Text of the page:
Originally posted on Saturday, July 09, 2011 1:55 PM
In a recent poll of Fortune 500 employers, 95% said that they always conduct a telephone screening interview prior to inviting the candidate to meet face to face. When asked the purpose of such a phone interview, they pretty much unanimously responded: to screen out less qualified candidates and to ascertain (as well as possible) if the candidate may be a good fit for the position. Based on the information learned from this poll, it seems that the Telephone Interview is a VERY important part of the Job Search Strategy. Knowing how to prepare for and maneuver a successful phone interview is extremely important tool for today’s Job Hunter. Here are some very practical yet useful steps you can take to prepare for this monumental step in the job hunting process.
1. Absolutely make certain that you have an answering machine and that it has a professional recording on it. Having an “unusual” message is a big turn off to hiring employers. More than likely they would hang up rather than leave a message on a recording that is inappropriate or silly. And, of course this is an opportunity lost.
2. Make certain that you alert your housemates, children, friends, or spouse to answer the phone professionally and to take meaningful and legible messages. Making a mistake on the name of a caller or jotting a wrong phone number can mean the possible loss of an interview.
3. Designate a place in your home where you can have privacy to speak to employers and set it up like a professional office as much as possible. Make sure you have note pads and pens, a clock, free of rock music or TV noise so that you can conduct a professional phone conversation.
4. Consider the phone interview just as or more important than the face to face. After all, if you do not wow them here, you won’t be getting a face to face. Be prepared. Have the Job Description in front of you and review it thoroughly. Do your research on the company and the interviewer. Use the company web site as well as registries like Hoovers and Dun and Bradstreet. Check out the interviewer by Googling them, using the company website and using a social media site like LinkedIn. You may have something in common with the interviewer that will give you points like: graduating from the same college or being from the same hometown.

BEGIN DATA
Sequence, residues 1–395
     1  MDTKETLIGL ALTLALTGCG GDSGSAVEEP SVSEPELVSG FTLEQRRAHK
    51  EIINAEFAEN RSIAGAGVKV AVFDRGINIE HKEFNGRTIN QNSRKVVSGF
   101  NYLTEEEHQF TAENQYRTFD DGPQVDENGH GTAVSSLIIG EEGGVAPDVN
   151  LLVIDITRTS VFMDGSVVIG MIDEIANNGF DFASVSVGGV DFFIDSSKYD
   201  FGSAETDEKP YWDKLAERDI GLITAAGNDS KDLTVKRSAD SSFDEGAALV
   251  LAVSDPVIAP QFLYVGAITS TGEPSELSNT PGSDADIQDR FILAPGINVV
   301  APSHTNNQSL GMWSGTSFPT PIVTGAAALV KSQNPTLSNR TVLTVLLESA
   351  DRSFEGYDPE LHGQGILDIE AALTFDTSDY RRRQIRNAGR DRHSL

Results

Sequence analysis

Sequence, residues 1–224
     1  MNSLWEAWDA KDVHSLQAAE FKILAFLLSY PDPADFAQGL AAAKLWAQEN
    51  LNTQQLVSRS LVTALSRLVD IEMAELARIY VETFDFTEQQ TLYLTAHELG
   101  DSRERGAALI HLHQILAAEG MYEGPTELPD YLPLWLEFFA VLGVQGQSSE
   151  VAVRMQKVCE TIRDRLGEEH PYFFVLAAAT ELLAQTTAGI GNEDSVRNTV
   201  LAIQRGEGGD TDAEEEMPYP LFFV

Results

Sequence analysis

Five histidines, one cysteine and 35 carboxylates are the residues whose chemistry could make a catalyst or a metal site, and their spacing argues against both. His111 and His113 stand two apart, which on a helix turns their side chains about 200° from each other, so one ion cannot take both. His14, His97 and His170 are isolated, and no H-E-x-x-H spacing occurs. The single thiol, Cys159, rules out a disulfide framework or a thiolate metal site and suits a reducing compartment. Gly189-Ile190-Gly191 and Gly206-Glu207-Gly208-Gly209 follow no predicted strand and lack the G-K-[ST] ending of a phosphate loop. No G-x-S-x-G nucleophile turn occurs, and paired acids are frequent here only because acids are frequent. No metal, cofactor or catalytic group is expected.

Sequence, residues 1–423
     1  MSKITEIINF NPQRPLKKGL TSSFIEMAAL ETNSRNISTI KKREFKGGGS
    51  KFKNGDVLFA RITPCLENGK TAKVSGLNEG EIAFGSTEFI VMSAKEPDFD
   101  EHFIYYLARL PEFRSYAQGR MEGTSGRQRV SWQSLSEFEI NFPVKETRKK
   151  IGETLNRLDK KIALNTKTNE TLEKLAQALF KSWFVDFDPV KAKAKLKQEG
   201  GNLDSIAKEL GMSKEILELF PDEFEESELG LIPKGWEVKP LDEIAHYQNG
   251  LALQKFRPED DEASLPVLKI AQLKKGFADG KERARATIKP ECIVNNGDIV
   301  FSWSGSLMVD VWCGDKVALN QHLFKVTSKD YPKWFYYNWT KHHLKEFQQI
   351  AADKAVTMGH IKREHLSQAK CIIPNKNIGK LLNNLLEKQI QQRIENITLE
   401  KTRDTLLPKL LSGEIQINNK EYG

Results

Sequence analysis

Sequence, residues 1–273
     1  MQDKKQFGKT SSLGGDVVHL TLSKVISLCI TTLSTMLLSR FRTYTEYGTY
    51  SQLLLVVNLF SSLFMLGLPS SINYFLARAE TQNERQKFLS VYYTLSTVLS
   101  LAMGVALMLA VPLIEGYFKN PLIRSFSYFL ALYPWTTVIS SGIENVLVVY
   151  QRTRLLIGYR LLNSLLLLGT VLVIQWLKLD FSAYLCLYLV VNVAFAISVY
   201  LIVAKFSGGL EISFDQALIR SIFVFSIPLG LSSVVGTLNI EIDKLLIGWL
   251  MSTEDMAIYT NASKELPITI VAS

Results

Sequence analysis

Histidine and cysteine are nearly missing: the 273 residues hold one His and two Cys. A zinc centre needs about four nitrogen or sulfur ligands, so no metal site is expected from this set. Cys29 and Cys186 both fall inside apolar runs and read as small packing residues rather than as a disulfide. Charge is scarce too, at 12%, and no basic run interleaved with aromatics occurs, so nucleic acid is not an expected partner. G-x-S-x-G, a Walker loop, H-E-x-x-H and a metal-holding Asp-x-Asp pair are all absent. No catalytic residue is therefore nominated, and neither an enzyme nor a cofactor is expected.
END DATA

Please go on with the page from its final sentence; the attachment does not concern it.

5. Have a list of commonly asked questions that you have answered at your fingertips also. Make sure you go over these several times and talk out loud when you answer the questions. It may be beneficial to record your practice exercise and take note of where you need to be stronger or less intense, etc.
6. During the interview call, stand up. Make sure you are calm and not breathing too heavily. An interviewer will take this as a sign of nervousness. Your speech should be clear, audible and not too fast. Remember you are trying to present yourself as a professional and communication skills are being evaluated.
7. At the end of the phone call, remember to ask for the next step. Make sure you ask who, what, where, and when. Also try to ask if you will get a call back. This is difficult because it takes a lot of courage and risk of rejection. However, it is a perfect time to get important feedback. It is possible that something you said may have been misinterpreted and this gives you an opportunity to correct any misconceptions. Write out your ending: “May I ask what the next step in the process is? Will you be recommending me on for the next step? If not, may I know why not?” Here is where you can hopefully fix any negative misunderstandings. Finally, end the conversation by thanking the caller and letting them know it was a pleasure to speak to them and that you are extremely interested in pursuing the position. Get their email address if you don’t already have it and follow up with a professional email again reiterating your interest in the company and the position and giving them a key point in the phone interview that reinforces you are a stellar candidate.
Follow these steps and the chances of a face to face interview will be noticeably improved!!
As always – Best of luck on your job search!!
Owner and operator of HR Pros, LLC, an HR consulting company handling full HR services on a project basis: writing policies, procedures, and handbooks; providing recruitment and talent management expertise; employee relations projects, and training for mostly small to mid-sized employers.